Don’t get me wrong — he’s an absolutely bad guy.  Lee however makes him more than your usual one dimensional crime boss.  

The Plot:  Like many of Lee’s books, the story appears straightforward at first but I thought the twist near the end was the best of all:  it caught me partly off guard.  I had an inkling that something might happen but apparently I missed an earlier clue.  

I think you might run into the same thing.  This is one of the big points for this book.

The Climax:  When Reacher finally confronts Victor it ends up being quite a violent finale.  I liked the fact that Reacher didn’t get out of it unscathed.  In these scenes he showed just how tough he really was.  

In later novels (so far as I’ve read), Reacher is never as messed up by the end as he was at the end of this book.

The Bad

The “Action” Pacing:  The book was entertaining though if there was one thing that might have slightly irked me it was the pacing.  There was very little “action” through most of the story.  Everything came rushing at you at the very end.  

It was all investigation into Victor’s past and the build up towards the violent and painful fight in the climax.  

There were no hills or valleys.  Just one massive climb…

There was violence and scuffles but nothing extremely heart pumping until the end.  You are left dealing with the suspense of whether Reacher figures out Hobie’s game before time runs out for Marilyn, Chester and… Jodie.  

The Verdict

Tripwire was definitely one of my favourite books in the Jack Reacher series.  It was almost on par with Lee’s first book “Killing Floor”.  The detail of Reacher’s relationships, the background on Victor and Chester as well as the climatic final battle were all memorable.  If there’s a second book in the series you should definitely read, Tripwire is that book.  

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Red Rising by Pierce Brown [Book Review]

Red Rising Pierce Brown Red Rising Trilogy

Red Rising by Pierce Brown is a tale of revenge, war and conquest.  It has a “pauper becomes king” theme mixed with “The Count of Monte Cristo”.  Maybe Brown was partly inspired by the latter classic?  

You’ll find interesting and unique characters, a plot filled with intrigue and betrayal plus a fair bit of decent world building that might remind you of Hunger Games or Divergent.  


The Good

The Characters:  Pierce has created a compelling cast of characters.  The hero Darrow is a balanced blend of both weakness and strength — he struggles to keep his softness and morality while trying to achieve the power needed to realize his wife’s dying wish (and dream).  As he describes himself once in the story:  “I’m a sheep in wolf’s clothing.”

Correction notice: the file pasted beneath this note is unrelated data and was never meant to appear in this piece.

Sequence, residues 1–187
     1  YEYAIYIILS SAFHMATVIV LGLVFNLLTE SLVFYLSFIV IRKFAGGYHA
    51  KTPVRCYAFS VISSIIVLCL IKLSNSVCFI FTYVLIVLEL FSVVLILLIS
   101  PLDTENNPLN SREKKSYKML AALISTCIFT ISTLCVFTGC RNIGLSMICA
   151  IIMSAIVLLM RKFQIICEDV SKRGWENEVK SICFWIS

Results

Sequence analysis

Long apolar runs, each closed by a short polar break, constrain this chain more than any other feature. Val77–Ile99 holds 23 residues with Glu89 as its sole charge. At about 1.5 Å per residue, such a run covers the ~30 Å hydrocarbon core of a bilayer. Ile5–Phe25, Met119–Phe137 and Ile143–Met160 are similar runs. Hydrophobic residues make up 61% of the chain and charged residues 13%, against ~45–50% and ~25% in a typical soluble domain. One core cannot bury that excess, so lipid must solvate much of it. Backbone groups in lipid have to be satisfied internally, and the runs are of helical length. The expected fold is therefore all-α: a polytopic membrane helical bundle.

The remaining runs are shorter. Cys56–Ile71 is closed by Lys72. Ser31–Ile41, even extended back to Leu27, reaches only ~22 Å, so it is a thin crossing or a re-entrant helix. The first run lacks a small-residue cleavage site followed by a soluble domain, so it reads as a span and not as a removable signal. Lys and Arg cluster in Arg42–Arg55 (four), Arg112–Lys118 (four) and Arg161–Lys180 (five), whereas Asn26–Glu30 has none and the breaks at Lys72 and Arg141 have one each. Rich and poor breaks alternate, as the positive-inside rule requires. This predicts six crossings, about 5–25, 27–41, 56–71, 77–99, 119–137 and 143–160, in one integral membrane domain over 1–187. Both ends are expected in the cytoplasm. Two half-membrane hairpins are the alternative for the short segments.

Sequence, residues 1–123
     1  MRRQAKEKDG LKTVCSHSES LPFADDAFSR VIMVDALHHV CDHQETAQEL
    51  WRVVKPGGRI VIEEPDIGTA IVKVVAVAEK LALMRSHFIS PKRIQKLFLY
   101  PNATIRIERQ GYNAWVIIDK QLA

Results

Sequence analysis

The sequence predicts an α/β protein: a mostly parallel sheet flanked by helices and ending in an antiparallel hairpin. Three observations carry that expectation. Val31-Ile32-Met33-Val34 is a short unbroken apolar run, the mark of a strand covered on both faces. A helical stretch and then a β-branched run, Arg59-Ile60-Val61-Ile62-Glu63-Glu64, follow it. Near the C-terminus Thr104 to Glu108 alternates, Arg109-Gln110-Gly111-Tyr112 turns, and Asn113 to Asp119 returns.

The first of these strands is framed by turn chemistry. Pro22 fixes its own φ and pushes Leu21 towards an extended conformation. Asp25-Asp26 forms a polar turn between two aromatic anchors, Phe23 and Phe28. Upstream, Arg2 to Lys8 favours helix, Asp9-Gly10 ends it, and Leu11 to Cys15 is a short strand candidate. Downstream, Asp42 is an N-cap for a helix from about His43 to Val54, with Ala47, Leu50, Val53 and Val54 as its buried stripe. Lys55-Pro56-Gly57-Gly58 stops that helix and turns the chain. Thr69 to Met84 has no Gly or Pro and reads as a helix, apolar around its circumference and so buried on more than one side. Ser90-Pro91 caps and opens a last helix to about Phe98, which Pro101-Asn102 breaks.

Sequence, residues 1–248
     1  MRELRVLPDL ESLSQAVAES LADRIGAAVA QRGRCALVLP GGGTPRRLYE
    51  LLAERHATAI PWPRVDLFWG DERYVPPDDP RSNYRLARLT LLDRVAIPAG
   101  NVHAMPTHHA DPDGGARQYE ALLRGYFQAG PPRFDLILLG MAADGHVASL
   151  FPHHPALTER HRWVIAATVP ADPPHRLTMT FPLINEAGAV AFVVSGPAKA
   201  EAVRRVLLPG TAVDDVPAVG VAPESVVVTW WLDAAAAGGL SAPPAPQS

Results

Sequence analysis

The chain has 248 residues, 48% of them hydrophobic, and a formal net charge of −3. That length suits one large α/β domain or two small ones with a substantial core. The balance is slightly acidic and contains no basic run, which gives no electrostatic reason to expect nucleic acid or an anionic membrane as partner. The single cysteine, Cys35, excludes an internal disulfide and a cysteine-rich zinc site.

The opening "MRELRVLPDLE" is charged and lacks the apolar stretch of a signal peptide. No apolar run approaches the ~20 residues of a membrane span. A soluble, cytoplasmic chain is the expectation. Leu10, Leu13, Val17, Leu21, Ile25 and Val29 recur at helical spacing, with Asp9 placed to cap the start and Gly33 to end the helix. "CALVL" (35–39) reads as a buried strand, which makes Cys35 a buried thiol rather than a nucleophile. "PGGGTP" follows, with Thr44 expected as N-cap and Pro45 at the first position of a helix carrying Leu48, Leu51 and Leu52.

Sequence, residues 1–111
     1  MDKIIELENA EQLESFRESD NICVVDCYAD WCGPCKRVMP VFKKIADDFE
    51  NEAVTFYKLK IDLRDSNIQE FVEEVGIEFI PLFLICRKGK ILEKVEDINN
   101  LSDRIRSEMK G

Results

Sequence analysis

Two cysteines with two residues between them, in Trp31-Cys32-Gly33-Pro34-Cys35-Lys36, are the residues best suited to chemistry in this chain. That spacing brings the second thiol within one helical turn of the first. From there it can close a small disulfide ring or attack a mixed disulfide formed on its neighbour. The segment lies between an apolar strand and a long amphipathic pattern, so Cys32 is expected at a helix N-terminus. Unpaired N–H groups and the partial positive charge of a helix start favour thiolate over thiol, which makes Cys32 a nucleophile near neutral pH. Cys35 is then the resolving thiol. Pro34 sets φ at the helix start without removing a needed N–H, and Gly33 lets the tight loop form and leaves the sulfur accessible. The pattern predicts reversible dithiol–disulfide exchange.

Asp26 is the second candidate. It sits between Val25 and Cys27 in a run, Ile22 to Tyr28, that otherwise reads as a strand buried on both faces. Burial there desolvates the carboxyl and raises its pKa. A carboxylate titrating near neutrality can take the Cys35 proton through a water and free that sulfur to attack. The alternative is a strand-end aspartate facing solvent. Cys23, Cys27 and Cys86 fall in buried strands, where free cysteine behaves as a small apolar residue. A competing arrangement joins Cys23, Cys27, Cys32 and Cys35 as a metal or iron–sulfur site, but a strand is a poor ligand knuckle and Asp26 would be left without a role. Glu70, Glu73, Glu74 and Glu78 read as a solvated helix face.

Later he becomes the teenage conquerer.

By the end, Darrow achieves the first step of his plan to gain the power to reform society:  graduate from the Institute and get noticed by the Peerless Scarred (the elite Golds).  He learns a lot about himself during the story and seems to come to terms with some of his decisions by the end.  

The minor characters are no less interesting.  There’s Darrow’s love interest Virginia of Tribe Athena who is smart and wise.  She’s also got a secret that gives the book its final twist.  

There’s the Goblin, Svero who becomes Darrow’s most loyal ally despite being shunned by every other snobby Gold in the story.  The Gold is more like a savage wolf than a man.

Cassius is like the Gold brother Darrow never had.  Too bad it wasn’t meant to last in this story.  He’s also an excellent duelist.

I could go on but you’ll find that each and every one of the characters stands out in their own way.  

The Plot:  Darrow gets a makeover so he can get into the Gold’s “Institute”.  He is given the class project of helping Tribe Mars defeat all the other tribes.  

There’s a number of betrayals and upsets along the way that keeps things exciting.  The one involving Cassius isn’t a surprise at all — let’s just say it’s a family related matter.  The twist at the end involving Virginia keeps you on edge almost to the very last chapter.  

The story ends with the question:  “Now that he’s gotten his sponsorship can he avoid getting caught when he’s promoted to a lancer (knight)?”  That question is left for the next book, Golden Sun.  

This is very much a tale of revenge though it’s written in a way where Darrow is patient about it.  It very much reminds me of the Count of Monte Cristo.  I look forward to seeing how the final book of the trilogy will wrap up Darrow’s revenge against Augustus, the Governor of Mars — the man who killed his wife.  

The World:  At the start of the book, Darrow the Helldiver is the lowest of the low.  His world involves his wife and mining.  Later on, Darrow enters the world of the Golds and discovers that his people, the Low Reds, are nothing more than slaves.